will be created for full co-operation.  If this precondition is assured, it is our firm belief, that the
great goals we have set for our continent to carry, will not be out of reach.

The League of Nations, by failing to restrain the fascist aggressor, allowed the forces of evil a free
reign and it was only after the sacrifice of the lives of millions of innocent people, amongst whom
the people of the USSR had to bear heavy losses, and the extensive destruction to property the
world over, that this evil was finally destroyed.
Injustice In Africa
Once again injustice is being committed and practised in Africa.  In the case of Rhodesia the U.N.
has approved sanctions, the same weapon which proved ineffective over a decade ago.  I believe
that this measure too is bound to fail unless it is accompanied by the use of force.

I would like to add that after much sacrifice the world has created the United Nations Organization;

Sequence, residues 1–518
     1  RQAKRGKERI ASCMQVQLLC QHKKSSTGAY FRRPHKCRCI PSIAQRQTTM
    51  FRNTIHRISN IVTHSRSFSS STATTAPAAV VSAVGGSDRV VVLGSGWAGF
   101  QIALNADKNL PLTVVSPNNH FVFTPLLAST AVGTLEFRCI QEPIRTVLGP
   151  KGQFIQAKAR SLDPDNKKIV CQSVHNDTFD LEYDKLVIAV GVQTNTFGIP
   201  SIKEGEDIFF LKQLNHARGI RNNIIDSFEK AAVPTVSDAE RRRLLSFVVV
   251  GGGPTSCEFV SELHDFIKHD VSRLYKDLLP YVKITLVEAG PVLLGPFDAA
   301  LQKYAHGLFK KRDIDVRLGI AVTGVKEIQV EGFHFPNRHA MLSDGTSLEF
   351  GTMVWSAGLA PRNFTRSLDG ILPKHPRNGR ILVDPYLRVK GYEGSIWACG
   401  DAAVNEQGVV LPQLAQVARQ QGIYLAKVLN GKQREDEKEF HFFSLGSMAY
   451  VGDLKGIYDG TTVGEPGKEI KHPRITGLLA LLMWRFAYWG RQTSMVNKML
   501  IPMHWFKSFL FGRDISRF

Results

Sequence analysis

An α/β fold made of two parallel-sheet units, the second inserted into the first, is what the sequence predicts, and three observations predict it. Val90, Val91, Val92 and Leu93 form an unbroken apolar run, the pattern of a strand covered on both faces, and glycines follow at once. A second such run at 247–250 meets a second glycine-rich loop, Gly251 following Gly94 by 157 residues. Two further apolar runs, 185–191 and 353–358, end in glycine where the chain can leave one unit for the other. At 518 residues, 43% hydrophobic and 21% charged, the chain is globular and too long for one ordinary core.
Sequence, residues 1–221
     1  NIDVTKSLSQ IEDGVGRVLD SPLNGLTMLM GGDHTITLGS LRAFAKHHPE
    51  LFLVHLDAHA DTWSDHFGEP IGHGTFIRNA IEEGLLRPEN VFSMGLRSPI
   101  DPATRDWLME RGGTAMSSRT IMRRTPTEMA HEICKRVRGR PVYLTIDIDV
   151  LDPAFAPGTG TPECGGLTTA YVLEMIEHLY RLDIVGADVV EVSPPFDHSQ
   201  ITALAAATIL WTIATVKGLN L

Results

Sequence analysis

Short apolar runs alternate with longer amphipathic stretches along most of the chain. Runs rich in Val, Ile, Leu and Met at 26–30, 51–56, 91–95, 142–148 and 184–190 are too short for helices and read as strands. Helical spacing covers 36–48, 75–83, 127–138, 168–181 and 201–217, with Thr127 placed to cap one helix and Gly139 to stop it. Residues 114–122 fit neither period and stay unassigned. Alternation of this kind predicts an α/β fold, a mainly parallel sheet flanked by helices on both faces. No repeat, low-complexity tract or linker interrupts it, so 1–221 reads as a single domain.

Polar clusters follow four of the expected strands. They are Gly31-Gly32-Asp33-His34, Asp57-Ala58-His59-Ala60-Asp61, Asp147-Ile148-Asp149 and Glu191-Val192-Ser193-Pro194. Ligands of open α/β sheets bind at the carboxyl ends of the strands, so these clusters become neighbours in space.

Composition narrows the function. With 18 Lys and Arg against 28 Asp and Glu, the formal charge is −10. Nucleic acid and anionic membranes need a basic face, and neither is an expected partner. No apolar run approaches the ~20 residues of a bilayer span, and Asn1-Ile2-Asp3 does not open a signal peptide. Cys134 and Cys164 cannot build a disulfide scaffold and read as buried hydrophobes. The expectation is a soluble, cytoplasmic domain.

but the U.N. can only be effective, provided its members are willing to make it strong by giving their
wholehearted support in each and every case where justice, decency and fairmindedness so
demand.  It is of the utmost importance that the U.N. should have at all times the confidence and
support of all its members.

I would like to refer to the efforts made by my country concerning the tragic situation which still
exists in Vietnam.  It will be recalled that I have, on several occasions, expressed my deep concern
that this grave situation has continued for so many years and that no workable solution has as yet
been found.  I have already expressed my readiness to avail my good offices and to do my utmost
to bring the concerned parties to the negotiating table.  It is with great concern that I view the